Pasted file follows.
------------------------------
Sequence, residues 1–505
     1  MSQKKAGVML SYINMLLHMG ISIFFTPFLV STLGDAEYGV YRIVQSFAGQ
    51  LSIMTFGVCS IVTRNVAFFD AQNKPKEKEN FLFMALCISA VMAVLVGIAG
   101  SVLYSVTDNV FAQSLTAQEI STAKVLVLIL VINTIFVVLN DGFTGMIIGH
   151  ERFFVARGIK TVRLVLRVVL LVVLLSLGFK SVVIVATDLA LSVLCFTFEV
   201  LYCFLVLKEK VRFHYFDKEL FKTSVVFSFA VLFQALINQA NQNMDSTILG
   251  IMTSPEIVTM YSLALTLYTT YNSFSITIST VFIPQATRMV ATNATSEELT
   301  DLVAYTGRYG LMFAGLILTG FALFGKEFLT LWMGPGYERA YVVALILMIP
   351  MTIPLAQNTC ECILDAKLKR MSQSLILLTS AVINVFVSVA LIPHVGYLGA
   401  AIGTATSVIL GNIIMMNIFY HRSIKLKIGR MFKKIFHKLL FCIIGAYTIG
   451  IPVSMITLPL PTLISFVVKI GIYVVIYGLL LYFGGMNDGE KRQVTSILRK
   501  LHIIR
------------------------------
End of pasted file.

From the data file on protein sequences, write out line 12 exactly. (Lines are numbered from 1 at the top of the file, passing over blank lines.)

   501  LHIIR